How to Work Your Abs, the Right Way

You know the type. The guy who has gone to the gym every other day for the past 2 years, yet he still looks the same as he did a year ago.  He has been doing sit-ups and crunches every time that he has worked out, yet he still can’t see his abs any more clearly than before… Why does this happen?  Well, firstly because in order to see your abs you have to lower your body fat, not build up the muscles underneath. Although, having very strong ab muscles will definitely improve the image.  So, what can we do to actually increase these stubborn muscles, and what are most people doing wrong?

The abs are a stability muscle group, not the muscle that makes the waist bend.

One of the main things that people do wrong when trying to work the abs is they do exercises that bend at the waist.  Your abs to not make your waist bend, though they do assist in the movement.  The main muscle groups that makes the waist bend are the hip flexors. To understand where your hip flexors are, sit down in a chair, hold onto something, and bend your legs up to your chest.  The tight muscles in your upper thighs are the hip flexors.  The problem with working the hip flexors is that it makes your abs stationary most of the time. An analogy can be picking up a dumbbell, curling halfway with your bicep, and then using your front shoulder to move the weight up and down, while keeping your arm in the same bent position.  Yes, your biceps do get worked a little bit. Is it ideal? Absolutely not.

Your abs and lower back are responsible for making your spine bend.

It’s important to realize that your abs are a stability muscle for your spine, not a muscle that makes the waist bend.  Therefore, you should pick exercises that minimize bending at the waist and maximize spinal flexation.  To practice this right now, sit down and arch your back as far as you can, so you have a backwards C shape.  Now curl your shoulders in towards your waist, while trying to keep your waist still (don’t bend forward).  This is the movement that you should perform on all your ab exercises.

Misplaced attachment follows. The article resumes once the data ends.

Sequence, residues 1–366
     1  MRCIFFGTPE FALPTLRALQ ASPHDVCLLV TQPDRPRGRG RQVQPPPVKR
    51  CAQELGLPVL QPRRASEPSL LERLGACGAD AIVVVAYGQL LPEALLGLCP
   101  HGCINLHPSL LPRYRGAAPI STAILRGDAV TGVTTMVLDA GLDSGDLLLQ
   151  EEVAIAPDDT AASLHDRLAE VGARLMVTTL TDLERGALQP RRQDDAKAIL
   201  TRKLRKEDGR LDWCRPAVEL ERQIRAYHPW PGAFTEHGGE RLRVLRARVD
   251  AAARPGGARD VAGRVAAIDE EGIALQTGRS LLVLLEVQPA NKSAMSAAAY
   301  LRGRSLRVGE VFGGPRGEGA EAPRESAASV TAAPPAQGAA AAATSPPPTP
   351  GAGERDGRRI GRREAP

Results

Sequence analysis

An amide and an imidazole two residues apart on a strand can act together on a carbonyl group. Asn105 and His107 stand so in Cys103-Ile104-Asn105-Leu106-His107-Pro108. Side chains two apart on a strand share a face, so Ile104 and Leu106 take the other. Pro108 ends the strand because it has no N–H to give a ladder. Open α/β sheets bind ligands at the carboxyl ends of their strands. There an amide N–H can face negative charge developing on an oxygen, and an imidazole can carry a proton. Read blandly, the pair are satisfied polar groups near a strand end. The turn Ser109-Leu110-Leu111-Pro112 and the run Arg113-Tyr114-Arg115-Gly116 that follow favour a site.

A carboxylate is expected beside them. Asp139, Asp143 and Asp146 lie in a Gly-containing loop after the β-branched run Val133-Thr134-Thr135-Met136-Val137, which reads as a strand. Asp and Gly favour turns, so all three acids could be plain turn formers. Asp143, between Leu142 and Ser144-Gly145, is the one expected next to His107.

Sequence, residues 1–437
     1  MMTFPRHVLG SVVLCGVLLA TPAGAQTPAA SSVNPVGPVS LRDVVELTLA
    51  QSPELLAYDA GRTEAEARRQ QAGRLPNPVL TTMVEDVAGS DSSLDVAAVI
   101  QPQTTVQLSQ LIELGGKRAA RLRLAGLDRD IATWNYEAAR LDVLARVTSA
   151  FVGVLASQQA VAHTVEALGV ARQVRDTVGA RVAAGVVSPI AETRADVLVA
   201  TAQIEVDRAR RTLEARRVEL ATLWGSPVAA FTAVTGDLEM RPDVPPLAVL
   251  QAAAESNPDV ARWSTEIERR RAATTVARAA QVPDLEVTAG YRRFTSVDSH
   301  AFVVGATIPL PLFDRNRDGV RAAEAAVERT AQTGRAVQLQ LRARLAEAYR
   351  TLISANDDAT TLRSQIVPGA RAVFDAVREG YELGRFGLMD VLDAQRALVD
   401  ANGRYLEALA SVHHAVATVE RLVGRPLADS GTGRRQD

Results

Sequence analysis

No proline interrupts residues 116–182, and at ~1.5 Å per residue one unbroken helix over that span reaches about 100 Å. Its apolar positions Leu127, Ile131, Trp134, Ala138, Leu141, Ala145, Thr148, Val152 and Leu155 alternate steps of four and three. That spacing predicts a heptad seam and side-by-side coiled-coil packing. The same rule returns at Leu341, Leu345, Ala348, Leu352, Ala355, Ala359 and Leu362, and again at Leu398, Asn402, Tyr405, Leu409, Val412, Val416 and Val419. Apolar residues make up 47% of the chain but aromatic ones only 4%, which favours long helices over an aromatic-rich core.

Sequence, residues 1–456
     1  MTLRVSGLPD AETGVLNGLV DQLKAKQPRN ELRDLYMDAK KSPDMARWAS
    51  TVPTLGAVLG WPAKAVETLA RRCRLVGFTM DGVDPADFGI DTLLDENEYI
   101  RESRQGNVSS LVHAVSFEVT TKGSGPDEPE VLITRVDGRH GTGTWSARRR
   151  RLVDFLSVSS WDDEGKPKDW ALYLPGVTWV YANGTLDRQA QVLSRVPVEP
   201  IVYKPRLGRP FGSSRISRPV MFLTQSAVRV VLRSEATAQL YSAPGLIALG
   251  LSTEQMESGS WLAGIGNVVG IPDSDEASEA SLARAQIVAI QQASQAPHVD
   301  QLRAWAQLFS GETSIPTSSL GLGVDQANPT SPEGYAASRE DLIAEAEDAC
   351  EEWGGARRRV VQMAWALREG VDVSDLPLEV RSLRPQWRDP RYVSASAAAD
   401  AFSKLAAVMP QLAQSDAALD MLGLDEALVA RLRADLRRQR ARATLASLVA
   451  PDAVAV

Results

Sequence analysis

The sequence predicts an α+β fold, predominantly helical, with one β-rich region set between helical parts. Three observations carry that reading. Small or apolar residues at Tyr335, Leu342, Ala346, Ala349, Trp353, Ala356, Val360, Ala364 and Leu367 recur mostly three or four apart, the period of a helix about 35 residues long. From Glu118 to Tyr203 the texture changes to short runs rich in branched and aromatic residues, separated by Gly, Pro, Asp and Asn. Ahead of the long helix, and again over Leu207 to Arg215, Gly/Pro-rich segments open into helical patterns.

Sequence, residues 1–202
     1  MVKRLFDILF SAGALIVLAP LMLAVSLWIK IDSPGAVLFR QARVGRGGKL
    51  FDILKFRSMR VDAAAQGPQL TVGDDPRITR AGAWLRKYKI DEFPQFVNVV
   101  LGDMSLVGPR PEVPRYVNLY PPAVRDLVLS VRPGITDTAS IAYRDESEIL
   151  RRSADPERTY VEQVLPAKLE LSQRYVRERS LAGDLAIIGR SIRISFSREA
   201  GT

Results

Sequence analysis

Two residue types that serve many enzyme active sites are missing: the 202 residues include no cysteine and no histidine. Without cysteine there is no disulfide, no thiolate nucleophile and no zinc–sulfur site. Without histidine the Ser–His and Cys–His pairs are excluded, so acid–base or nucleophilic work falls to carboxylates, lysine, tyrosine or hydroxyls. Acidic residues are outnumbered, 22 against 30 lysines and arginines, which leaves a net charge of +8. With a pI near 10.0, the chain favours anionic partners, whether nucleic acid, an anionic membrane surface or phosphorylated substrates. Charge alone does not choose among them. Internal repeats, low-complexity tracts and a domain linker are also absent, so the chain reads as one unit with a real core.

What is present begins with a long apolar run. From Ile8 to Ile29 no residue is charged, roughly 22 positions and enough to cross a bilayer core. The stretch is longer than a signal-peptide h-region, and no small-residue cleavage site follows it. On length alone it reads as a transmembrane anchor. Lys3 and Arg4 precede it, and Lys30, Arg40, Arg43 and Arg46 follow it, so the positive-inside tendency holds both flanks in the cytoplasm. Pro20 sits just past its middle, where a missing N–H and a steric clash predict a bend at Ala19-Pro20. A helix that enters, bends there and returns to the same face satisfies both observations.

So, which exercises should I perform?

Now you may be wondering which exercises actually do isolate your abs well.  The best three that I have found are

  1. Putting a half-yoga ball on a decline sit-up bench
  2. Cable crunches (performed properly)
  3. Modified Leg-Lifts

Of course, there are others that work quite well too, but these three are great at allowing you to perform the movement properly without too much focus.

For the first exercise, your gym needs to have a half-yoga ball. This is the kind that has a flat bottom and a rounded top so that you can lay it on top of a decline sit-up bench.  This allows your spine to extend backwards fully, while also allowing you to relax your hip flexors and only flex your spine.  Remember not to go up too high, as your hip flexors will start pulling you up.  Focus on only performing the limited motion that was available when you were practicing the movement when you were sitting.  Go up as high as your abs will take you (which isn’t too high) but no higher.

For the cable crunches, find a pully that is up high and you can pull down.  Then kneel on the ground and basically sit on your feet.  Then arch your spine to start the movement, and then flex your spine with your abs as far as is will go.  Remember not to bend at the waist. You can also place your back on a yoga ball on the pole holding the pulley, face away from the pulley system and crunch down.

Since cable crunches are a little harder to do with good form, you should practice with light weight at first to get the movement down.  Maybe I’ll post a video of the proper movement in the future.

Lastly, modified leg-lifts are an excellent exercise as well. This exercise works your hip flexors more than the previous two do, but it does not focus on them so the work is still targeted towards your abs (if you do it the right way). How most people perform leg-lifts is by keeping their torso stationary and lifting their legs up and down, either with their legs bent in or straight out. This places most of the work on your hip flexors, not your abs.

The way to switch the focus to the abs is to start by bending at the knee all the way with your thighs still relaxed. Then raise your thighs up and hold – this is the starting position, the same as the ending position of how the exercise is normally done. From here, bend at your midsection so that your  hips raise up and your knees come closer to your chest.

Perform these reps slowly, as it is easy to start letting momentum do the work for you.

Please post a comment of any questions that you have!